Background: Focused electron beam induced deposition (FEBID) is a direct-writing technique with nanometer resolution, which has received strongly increasing attention within the last decade. In FEBID a precursor previously adsorbed on a substrate surface is dissociated in the focus of an electron beam. After 20 years of continuous development FEBID has reached a stage at which this technique is now particularly attractive for several areas in both, basic and applied research. The present topical review addresses selected examples that highlight this development in the areas of charge-transport regimes in nanogranular metals close to an insulator-to-metal transition, the use of these materials for strain- and magnetic-field sensing, and the prospect of extending FEBID to multicomponent systems, such as binary alloys and intermetallic compounds with cooperative ground states.
Results: After a brief introduction to the technique, recent work concerning FEBID of Pt–Si alloys and (hard-magnetic) Co–Pt intermetallic compounds on the nanometer scale is reviewed. The growth process in the presence of two precursors, whose flux is independently controlled, is analyzed within a continuum model of FEBID that employs rate equations. Predictions are made for the tunability of the composition of the Co–Pt system by simply changing the dwell time of the electron beam during the writing process. The charge-transport regimes of nanogranular metals are reviewed next with a focus on recent theoretical advancements in the field. As a case study the transport properties of Pt–C nanogranular FEBID structures are discussed. It is shown that by means of a post-growth electron-irradiation treatment the electronic intergrain-coupling strength can be continuously tuned over a wide range. This provides unique access to the transport properties of this material close to the insulator-to-metal transition. In the last part of the review, recent developments in mechanical strain-sensing and the detection of small, inhomogeneous magnetic fields by employing nanogranular FEBID structures are highlighted.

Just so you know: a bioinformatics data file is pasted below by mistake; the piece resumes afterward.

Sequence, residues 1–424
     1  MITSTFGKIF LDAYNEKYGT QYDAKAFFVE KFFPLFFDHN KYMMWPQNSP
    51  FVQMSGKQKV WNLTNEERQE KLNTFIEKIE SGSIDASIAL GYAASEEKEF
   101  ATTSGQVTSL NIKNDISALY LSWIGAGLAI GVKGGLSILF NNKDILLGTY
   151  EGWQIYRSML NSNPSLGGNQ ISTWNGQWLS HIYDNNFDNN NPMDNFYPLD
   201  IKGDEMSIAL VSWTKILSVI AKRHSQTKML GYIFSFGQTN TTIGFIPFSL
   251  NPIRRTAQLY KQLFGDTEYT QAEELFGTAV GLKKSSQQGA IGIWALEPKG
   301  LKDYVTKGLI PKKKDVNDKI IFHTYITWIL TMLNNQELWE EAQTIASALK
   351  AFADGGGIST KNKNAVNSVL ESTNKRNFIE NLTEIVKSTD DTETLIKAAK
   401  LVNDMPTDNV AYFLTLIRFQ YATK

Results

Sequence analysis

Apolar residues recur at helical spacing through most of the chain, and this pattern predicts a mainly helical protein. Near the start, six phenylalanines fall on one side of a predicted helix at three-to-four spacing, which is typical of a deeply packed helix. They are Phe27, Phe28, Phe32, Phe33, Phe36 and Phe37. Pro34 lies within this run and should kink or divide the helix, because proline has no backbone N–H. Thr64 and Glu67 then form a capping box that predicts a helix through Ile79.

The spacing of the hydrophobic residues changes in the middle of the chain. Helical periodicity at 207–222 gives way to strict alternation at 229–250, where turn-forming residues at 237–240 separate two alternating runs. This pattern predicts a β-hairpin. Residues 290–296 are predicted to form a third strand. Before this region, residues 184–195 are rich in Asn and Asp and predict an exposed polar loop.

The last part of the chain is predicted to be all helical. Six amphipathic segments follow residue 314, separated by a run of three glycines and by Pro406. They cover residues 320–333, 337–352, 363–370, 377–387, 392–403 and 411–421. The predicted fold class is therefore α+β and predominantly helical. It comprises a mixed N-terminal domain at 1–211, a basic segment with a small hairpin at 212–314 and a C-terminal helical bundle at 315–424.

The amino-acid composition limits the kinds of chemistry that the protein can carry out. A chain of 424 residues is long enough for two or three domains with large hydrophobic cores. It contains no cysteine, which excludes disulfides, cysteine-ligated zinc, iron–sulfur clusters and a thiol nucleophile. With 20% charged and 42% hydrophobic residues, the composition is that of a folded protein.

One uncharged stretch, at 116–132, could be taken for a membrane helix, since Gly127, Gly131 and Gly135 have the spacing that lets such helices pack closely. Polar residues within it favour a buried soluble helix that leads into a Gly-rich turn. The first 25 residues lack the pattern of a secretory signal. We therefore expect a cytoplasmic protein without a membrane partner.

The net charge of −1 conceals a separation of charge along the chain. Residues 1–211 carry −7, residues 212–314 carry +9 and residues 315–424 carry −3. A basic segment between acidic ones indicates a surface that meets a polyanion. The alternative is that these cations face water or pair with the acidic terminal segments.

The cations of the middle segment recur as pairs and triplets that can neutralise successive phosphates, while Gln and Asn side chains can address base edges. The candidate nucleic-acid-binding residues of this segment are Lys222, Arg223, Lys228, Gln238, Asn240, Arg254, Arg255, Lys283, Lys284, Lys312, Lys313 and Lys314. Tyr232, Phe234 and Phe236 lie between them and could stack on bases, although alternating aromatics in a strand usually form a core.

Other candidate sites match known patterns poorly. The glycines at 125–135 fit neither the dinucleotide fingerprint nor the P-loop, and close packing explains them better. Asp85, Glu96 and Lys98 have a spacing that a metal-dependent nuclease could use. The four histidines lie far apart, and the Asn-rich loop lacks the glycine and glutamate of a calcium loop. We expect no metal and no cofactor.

Conclusion: FEBID has now reached a state of maturity that allows a shift of the focus towards the development of new application fields, be it in basic research or applied. This is shown for selected examples in the present review. At the same time, when seen from a broader perspective, FEBID still has to live up to the original idea of providing a tool for electron-controlled chemistry on the nanometer scale. This has to be understood in the sense that, by providing a suitable environment during the FEBID process, the outcome of the electron-induced reactions can be steered in a controlled way towards yielding the desired composition of the products. The development of a FEBID-specialized surface chemistry is mostly still in its infancy. Next to application development, it is this aspect that will likely be a guiding light for the future development of the field of focused electron beam induced deposition.